Mitchell Trubisky, one of the top quarterbacks available in the 2017 draft—or the very best quarterback, depending on whom you ask—was selected by the Chicago Bears with the second overall pick in the first round Thursday.
The Bears moved up from the third overall selection, making a deal with the San Francisco 49ers. NBC Sports Bay Area's Matt Maiocco shared the details of the trade:
The San Jose Mercury News' Tim Kawakami and The MMQB's Andrew Brandt praised the 49ers for the trade:
Rotoworld's Evan Silva noted the Bears now have no shortage of quarterbacks:
Fox Sports' Skip Bayless and The Big Lead's Jason McIntyre were among the skeptics of the Bears' selection:
Trubisky has been one of the most examined, debated and polarizing figures in this year's draft class. Not surprisingly, there was a wide variety of reaction to his selection.
In a nutshell, the major concern when it comes to Trubisky is that he only started one year in college, which opens up a rabbit hole of questions. We'll try to address them here.
To begin, Greg Cosell of NFL Films offered his full scouting report on the young quarterback:
NFL Philosophy, meanwhile, focused on Trubisky's strengths:
So we have Kirk Cousins, Alex Smith and Andy Dalton all mentioned when evaluating Trubisky. Any other comparisons?
"Call me crazy but I see a little Derek Carr in his game," an AFC senior personnel executive told Bucky Brooks of NFL.com. "From the poise, decisiveness and quick delivery to the precision passing and athleticism, he looks like the real deal. ... The inexperience bothers me and I can't stop wondering why he couldn't beat out Marquise Williams [for the starting job in 2014-15]."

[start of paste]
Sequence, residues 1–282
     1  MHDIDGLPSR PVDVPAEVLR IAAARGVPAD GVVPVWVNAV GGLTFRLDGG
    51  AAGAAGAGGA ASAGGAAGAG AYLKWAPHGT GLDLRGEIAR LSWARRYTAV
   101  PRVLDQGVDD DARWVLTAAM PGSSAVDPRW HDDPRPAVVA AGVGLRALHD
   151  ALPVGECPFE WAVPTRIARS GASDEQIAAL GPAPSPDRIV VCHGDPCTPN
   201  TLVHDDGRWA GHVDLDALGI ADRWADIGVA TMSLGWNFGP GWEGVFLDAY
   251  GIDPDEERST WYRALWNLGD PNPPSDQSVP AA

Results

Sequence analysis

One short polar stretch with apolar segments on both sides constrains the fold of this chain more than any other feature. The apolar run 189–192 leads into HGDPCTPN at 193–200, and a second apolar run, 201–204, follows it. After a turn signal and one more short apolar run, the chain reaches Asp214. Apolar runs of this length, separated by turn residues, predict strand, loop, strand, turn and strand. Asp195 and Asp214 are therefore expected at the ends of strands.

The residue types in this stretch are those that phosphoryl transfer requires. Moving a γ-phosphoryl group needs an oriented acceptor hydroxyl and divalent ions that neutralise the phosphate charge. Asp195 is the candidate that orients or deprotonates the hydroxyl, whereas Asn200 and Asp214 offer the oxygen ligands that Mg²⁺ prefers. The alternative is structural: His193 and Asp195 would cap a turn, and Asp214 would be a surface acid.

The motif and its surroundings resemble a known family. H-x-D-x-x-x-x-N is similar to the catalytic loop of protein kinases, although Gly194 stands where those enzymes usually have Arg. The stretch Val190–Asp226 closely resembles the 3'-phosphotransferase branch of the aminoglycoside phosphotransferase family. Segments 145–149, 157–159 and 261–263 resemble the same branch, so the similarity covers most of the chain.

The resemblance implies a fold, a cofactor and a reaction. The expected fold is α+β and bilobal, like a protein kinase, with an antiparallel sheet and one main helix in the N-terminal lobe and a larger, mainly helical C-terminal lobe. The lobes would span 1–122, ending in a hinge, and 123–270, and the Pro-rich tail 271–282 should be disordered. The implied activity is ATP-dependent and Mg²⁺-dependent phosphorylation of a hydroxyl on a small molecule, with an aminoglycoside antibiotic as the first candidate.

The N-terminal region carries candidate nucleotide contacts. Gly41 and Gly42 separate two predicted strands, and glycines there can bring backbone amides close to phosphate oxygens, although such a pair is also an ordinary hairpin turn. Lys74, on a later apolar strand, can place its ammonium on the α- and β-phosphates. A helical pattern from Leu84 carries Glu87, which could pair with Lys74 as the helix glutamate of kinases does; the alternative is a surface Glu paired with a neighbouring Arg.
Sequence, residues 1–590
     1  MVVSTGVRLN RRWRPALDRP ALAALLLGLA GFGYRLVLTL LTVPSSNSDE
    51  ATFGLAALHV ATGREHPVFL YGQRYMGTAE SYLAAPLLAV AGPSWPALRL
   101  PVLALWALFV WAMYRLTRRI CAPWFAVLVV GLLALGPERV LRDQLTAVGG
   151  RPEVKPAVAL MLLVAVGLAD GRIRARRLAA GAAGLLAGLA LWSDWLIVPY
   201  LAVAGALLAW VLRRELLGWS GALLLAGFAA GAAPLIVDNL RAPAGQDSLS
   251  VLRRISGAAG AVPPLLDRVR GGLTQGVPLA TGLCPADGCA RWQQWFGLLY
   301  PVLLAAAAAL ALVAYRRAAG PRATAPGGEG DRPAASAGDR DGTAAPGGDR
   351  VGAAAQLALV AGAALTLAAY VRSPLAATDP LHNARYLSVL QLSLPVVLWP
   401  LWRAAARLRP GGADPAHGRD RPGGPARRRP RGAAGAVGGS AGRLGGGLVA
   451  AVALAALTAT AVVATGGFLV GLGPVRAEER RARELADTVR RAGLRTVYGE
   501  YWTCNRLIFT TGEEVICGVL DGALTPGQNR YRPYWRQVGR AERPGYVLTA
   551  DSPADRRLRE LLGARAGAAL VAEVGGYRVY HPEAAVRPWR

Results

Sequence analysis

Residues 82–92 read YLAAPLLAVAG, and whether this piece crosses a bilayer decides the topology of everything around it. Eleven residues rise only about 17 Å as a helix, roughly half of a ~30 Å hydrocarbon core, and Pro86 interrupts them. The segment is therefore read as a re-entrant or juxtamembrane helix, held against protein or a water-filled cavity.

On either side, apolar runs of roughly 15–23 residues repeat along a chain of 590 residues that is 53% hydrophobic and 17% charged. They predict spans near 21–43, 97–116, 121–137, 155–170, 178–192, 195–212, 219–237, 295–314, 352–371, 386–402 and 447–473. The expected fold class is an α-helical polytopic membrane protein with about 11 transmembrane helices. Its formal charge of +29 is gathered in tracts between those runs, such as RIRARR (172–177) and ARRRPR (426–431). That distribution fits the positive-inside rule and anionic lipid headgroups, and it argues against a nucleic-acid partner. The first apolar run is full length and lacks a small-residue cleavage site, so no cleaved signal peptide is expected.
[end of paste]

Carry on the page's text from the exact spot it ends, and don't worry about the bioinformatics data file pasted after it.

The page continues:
Hailed by a third scout as a 'Marcus Mariota-type athlete.' He added: 'He had his worst game against Stanford when he locked on twice and the safety picked off two passes. I wanted to compare him to (Brett) Favre but he’s a much better athlete than Favre and he’s faster than Favre. The amazing thing is he can run so well. Excellent competitor. He’s probably my best player (in the draft).'
The central debate when it comes to Trubisky seems to be tools vs. experience. Namely, why doesn't Trubisky have more experience?
An AFC scout summed up that debate nicely for Brooks:
He has all of the tools. I like his arm talent, arm strength, and athleticism. He is the prototypical quarterback that you draw up. ... I just worry about the one-year wonder deal and the fact that he couldn't beat out Marquise Williams for two years. I don't care what anyone says. If he was (that good), he should've been able to win the starting job. There's something wrong with that!
"I'm concerned," ESPN's Jon Gruden added about Trubisky's 13 career college starts, per Mary Kay Cabot of Cleveland.com. "I'm no different than a lot of coaches that say 'I want a three-year starter. I want a minimum of 24 victories. I want two bowl wins.' (But) I want a good quarterback. That's what I want."
Louis Riddick of ESPN latched on to that latter point:
Another factor in Trubisky's favor: His former teammates speak highly of him.
Dane Brugler of NFLDraftScout.com passed along these comments from wideout Mack Hollins:
Those teammates seemed to respect Trubisky playing the role of the good soldier while he wasn't starting.
"That would’ve been tough for anybody, man—to have such high expectations coming into college and having to wait your turn," wideout Ryan Switzer told Joseph Person of the Charlotte Observer. "A lot of people don’t do that nowadays. They pack up and leave. So that’s a testament to his true character."
So there you have it: The polarizing case of Mitchell Trubisky. Chicago is banking on him becoming the cornerstone of their franchise, and it appears he has the tools to be a solid quarterback in the NFL. He capitalized on those tools in his final season at North Carolina, throwing for 3,748 yards, 30 touchdowns and six interceptions.
It took him a while to see the field, though. The Bears will be hoping Trubisky can seize the starting position far faster at the next level.